Adele C. Geraghty, Class of '69. (Creative Writing Editor at was born in Brooklyn, New York and, studied Creative Writing under the tutillage of poet/publisher Daisy Aldan, who exerted a profound influence on her literary career. Adele was made the recipient of, the US National Women's History Award for Excellence in Women's Related Poetry
and Essay, in 1987. The majority of her work promotes women's mutli-faceted roles and many of her poems reflect life in Brooklyn; its changing scenes and multi-cultural influence.
A presentational poet, her career also encompasses short story, journalism and comedy/satire. Among her literary credits are anthologies 'Family Pictures', by CBF Press and 'Not A Muse', by Haven Press. Her work has appeared in numerous publications, including 'Long Poem Magazine', 'Delinquent', 'Trespass Magazine' and 'Sein und Werden'. Her appearances include London's 'Poetry Cafe', and 'Barbican Library', and New York's 'The Bowery Poetry Club'. Adele's work has been performed both live and, on the radio, in both the United States and the United Kingdom. She is the author of 'Skywriting In The Minor Key: Women, Words, Wings', published by BTS Books:


(An acrostic poem)

Around and around and
back again, the carousel turns
charismatic colours to a wash,
demanding hypnotic allegiance,
even as leaning into the wind,
facing unknown spirals of worth,
great calliopes pump melodies of the
heart, beating timpani songs
in earnest and never ceasing
jaunty horses leap parallel,
knowing secrets like seers,
lamenting the telling of tears,
meandering in valleys of
new children, year after
open ended year,
pressuring hooves to floor, but
queerly, never reaching their
rest, eternally jumping to
soaring freedom, ever riveted
to the bare boards of infinity
under a canopy of mirrors,
vying for top speed
with no chance of stopping,
xylophone rhythms send
yearning manes and tails to
Zen thought and fuse to white.
Fly Away

Browsing old cards by an open window
in the tonelessness of midday,
turning yesterdays post like ocular pulses,
a tiny radiance catches my slumber.

'We don't see them much these days.'
says the man in passing,
hat-tipping hello.
'Yellow wag tail, he is.'
Mad arabesque on the wash line, trilling.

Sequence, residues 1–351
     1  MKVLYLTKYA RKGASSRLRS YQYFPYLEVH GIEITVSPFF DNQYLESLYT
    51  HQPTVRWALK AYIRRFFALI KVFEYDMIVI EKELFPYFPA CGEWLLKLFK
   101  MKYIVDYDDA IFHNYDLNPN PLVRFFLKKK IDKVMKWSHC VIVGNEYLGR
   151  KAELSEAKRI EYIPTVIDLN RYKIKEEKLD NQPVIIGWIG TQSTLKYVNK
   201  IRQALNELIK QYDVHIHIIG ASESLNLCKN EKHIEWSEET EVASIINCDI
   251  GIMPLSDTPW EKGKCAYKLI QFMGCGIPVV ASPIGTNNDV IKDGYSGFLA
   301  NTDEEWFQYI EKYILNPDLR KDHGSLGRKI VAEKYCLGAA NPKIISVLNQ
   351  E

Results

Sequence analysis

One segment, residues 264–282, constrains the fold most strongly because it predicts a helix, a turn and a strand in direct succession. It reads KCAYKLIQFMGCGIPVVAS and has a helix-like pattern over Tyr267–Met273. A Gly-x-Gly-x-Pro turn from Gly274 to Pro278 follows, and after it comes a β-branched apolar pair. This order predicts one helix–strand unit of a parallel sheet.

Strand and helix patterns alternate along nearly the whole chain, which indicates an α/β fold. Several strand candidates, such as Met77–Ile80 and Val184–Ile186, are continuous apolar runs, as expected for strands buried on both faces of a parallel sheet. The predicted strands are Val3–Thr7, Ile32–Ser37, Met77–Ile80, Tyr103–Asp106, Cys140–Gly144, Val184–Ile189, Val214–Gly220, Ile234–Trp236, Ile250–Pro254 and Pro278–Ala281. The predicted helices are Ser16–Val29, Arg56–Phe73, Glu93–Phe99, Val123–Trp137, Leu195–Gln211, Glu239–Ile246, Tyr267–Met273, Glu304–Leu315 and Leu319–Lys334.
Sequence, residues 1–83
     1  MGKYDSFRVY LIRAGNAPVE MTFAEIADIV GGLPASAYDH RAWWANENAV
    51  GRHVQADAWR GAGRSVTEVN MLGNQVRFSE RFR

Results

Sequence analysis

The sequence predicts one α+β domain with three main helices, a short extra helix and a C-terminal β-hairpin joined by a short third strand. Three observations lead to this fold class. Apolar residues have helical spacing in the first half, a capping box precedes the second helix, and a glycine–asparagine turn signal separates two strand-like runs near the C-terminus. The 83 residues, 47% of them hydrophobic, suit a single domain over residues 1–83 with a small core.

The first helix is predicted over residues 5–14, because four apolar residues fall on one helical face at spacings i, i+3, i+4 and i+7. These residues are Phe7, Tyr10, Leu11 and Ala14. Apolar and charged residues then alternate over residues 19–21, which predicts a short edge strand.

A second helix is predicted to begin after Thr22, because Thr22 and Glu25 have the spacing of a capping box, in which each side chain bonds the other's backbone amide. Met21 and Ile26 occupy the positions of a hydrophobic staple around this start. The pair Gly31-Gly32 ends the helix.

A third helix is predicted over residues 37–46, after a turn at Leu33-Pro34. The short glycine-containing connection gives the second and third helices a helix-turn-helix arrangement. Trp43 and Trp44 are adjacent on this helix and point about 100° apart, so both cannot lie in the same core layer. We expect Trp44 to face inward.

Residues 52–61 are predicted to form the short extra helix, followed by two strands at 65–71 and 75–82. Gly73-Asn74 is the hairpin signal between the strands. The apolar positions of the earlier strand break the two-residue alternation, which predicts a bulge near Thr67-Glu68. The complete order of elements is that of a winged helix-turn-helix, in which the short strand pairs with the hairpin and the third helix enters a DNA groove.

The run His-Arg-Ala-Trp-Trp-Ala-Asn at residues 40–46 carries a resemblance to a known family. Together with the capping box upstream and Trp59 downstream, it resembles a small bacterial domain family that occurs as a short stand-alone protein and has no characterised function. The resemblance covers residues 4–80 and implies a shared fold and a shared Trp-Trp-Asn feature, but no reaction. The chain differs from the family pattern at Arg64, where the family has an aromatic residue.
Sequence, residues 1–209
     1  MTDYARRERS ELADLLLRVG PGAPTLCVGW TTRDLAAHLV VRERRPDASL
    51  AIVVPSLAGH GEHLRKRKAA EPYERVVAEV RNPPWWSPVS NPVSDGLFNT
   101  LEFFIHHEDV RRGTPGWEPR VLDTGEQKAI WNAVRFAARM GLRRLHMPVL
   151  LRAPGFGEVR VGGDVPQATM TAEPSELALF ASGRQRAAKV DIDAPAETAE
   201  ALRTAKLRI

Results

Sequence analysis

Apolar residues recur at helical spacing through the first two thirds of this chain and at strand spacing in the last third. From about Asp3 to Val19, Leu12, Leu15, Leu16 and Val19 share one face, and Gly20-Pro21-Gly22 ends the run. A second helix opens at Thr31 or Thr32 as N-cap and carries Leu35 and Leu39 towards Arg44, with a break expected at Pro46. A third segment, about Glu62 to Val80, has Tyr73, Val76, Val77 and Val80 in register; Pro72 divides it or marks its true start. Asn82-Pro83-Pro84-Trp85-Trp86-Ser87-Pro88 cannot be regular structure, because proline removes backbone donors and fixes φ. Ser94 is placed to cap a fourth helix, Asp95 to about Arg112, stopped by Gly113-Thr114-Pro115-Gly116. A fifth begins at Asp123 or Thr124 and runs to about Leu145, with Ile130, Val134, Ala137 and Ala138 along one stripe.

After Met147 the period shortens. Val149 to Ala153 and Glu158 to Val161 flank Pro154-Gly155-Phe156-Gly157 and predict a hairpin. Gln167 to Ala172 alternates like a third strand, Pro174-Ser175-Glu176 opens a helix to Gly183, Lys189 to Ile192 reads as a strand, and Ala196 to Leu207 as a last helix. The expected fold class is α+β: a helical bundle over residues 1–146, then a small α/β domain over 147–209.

A slow singer,
loading each phrase with history's overtones.
Sentient artist,
turning ballet steps on a post head.
I stand too late.

Bird, gone in a blink, giving no second chance,
driven by windy applause and blissful impulse.
Sitting down,
I tuck my head beneath my wing and turn again
to mundane methods of grace.

Departure Time

My eyes are an afterthought of green steel beads,
spent and slick, wet and wasted,
tumbling to the open, empty cup of my hands,
nestling like the face of a conjoined twin,
staring and helpless, without true form
or focused thought, pulsing with the fractured gaze
of mad women and frightened deer.

Done now, with shuddered sighs,
I part my fingers and release them to free-fall desolation,
peering downward in the dust at my feet;
blind beings, overlooked and undone, as I walk away,
feeling the sockets in my cheeks dry against
the final burning wind of your receding breath.
Last Ferry from Brooklyn

There used to be a ferry from Brooklyn to Staten Island,
where bleached pilings stood like standing stones,
Druidic, facing the brackish green waves;
the East River enticing the small wooden pier,
which never gave in to temptation.

Then the majesty of an extension bridge,
it's long throat looped with diamonds,
it's firm-thighs tenaciously straddling each shore,
made slow transit obsolete. The aging pier,
naked, devoid of the ferry's shade, was left off limits,
it's hoary pilings leprous in the unhampered sun.

I boarded the ferry for the last ride;
heard the gates rattle in finality,
while watching the pier diminish
in the wake of the vessel's trail;
knowing that without it's constant mooring,
the winter would encase her in a wall of ice,
shrinking her slowly, with each passing year.

Sometimes, I recall her with pleasure,
her wide, oaken deck always ready,
where I'd stand, whispering my fears and dreams
on Sunday afternoons, when the world was
swallowed in apathy and faces of the non-descript
were deeper and more formidable than any waves.

I was far too young to know which fears to heed
or which dreams to abandon,
and the Old Girl knew more than most
about the benefits of slow and unharried travel,
and the irony of being remembered
for one's shortcomings.
Top of Page

Return to Main Page